and Ohlin (1960)--criminal, delinquent and retreatist gangs (not very
- Levitt and
Venkatesh (1998): records of a Black, inner-city gang
wage: $6 per hour, after 4 years: $11 (1995 dollars)
better pay (like any corporation, $32--over 4 years: $97)
wages tripled too, $2.50-$7.10)
value of membership, and promotion--leaders rule.
workers--access to legitimate jobs, yet stayed with gang as wages
- Bourgois, In
Search of Respect: Selling Crack in El Barrio. (1995) (study 1985-1990)
use and dealing: social marginalization and alienation
Puerto Rican, 40% African-American
poverty. 40% welfare benefits of some sort
declared no wages
benefits, but (and) unregulated by the state
of legitimate labor market--biased and dehumanizing
clashes (street vs. office)
life becomes alternative to marginalization
street culture provides alternative, yet make the necessity of
an alternative more pressing--participation further marginalizes
- Drug use
for Bourgois: epiphenomenon--racism, classism, and criminality are the
- Issue: legalization
as solution? Bourgois ignores alcohol and tobacco. Again we see enormous
profit, yet outside the local community.
- Class and ethnic
styles of dealing
- 50% of incarcerated
drug offenders, Black, yet drug use consistent across racial/ethnic groups
scrutiny (DWB) centered on minority status
racism versus overt CJS bias:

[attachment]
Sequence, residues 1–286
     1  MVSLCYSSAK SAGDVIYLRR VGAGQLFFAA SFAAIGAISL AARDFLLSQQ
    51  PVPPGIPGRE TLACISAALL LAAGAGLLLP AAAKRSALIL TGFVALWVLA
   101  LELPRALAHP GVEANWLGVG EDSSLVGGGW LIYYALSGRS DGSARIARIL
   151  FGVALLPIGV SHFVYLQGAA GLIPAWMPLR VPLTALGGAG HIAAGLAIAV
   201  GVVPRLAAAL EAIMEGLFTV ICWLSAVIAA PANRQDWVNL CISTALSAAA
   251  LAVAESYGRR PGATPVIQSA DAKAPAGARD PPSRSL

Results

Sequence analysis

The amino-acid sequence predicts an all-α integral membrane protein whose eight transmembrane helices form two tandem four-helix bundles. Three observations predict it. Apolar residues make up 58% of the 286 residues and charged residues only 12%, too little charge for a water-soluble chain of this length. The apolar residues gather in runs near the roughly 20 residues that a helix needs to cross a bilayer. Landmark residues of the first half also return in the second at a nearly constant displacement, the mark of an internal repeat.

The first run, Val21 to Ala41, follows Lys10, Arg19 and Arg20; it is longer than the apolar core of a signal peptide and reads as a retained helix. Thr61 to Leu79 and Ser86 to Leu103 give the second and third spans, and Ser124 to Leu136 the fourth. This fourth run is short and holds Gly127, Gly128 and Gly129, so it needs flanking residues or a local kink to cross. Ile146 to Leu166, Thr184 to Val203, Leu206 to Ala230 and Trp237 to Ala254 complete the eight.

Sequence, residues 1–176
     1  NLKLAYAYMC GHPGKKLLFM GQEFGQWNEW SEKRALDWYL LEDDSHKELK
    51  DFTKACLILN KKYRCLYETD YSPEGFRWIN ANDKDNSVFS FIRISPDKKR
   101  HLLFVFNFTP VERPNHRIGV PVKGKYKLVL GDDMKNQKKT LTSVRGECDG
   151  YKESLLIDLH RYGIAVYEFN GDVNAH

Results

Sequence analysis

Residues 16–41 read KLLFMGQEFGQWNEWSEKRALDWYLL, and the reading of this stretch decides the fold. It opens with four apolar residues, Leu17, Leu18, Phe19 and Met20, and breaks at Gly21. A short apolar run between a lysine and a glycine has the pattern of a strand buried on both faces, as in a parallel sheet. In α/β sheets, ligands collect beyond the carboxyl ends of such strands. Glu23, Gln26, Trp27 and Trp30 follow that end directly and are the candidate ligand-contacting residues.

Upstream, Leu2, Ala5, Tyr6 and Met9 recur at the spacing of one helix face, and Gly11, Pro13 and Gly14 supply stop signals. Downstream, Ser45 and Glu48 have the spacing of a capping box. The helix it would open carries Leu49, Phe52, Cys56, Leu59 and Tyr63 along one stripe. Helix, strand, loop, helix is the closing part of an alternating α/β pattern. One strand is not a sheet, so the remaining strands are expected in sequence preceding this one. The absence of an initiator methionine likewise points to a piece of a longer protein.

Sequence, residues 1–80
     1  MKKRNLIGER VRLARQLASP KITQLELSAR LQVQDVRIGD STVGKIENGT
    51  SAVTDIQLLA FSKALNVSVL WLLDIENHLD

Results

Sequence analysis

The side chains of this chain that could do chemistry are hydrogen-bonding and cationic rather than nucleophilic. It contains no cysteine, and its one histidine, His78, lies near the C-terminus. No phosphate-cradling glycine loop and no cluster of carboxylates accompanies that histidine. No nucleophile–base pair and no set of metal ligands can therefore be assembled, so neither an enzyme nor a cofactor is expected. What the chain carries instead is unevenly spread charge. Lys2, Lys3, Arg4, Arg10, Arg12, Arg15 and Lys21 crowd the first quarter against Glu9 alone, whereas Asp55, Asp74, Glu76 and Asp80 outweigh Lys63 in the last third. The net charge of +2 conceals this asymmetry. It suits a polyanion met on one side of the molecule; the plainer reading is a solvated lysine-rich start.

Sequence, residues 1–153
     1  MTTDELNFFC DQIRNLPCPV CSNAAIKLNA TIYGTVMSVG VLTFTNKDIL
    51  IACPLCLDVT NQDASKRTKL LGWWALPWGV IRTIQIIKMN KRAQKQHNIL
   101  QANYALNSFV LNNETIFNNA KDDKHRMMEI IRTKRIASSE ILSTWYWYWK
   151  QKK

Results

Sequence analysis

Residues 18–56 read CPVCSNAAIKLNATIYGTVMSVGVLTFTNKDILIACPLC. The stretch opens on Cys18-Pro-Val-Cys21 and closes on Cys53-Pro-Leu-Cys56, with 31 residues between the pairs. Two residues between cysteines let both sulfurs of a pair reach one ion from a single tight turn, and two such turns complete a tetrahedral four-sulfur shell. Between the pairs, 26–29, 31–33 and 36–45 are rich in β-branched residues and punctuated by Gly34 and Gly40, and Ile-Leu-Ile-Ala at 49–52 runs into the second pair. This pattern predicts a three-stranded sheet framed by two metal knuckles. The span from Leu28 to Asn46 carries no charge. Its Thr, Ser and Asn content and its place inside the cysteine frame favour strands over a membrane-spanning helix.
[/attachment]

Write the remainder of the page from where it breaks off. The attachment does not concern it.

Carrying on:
drug workers--more likely to be Black. Mid and upper-level dealers,
more likely to be white.
Johnson, et al (1994):
dealers: likely to be Black, public space, sell to strangers,
small quantities, high volume.
chance of violence
rate of detection and arrest
dealers: most likely to be white, steady customer base, private/indoor
setting, larger quantities, semi-periodic transactions, violence
probability of arrest
IV. Factors that
facilitate drug trade
demand and price inflation
- French Connection
(1972): opened up heroin marketplace in USA. Diversification and decentralization
- Collapse of
Soviet Union. Totalitarian/authoritarian political systems can control individual
- Free trade
of new centers for production
- Economic privatization
- Free trade
(China's port cities)
- Money Laundering
number of private banks
of global inequality: poor to grow the crops, poor to deal the drugs on
- Get rich
- Local Governments
(Mexico--pre 2000 and Vicente Fox)
Habit: Drug Abuse, Drug Trafficking, & Organized Crime, President's
Commission on Organized Crime, 1986.
Profits from Drugs (PBS)
Drugs, and the CIA (PBS)
Owner: Robert O. Keel firstname.lastname@example.org
Credits for this Page of Notes
Wednesday, January 11, 2012 4:49 PM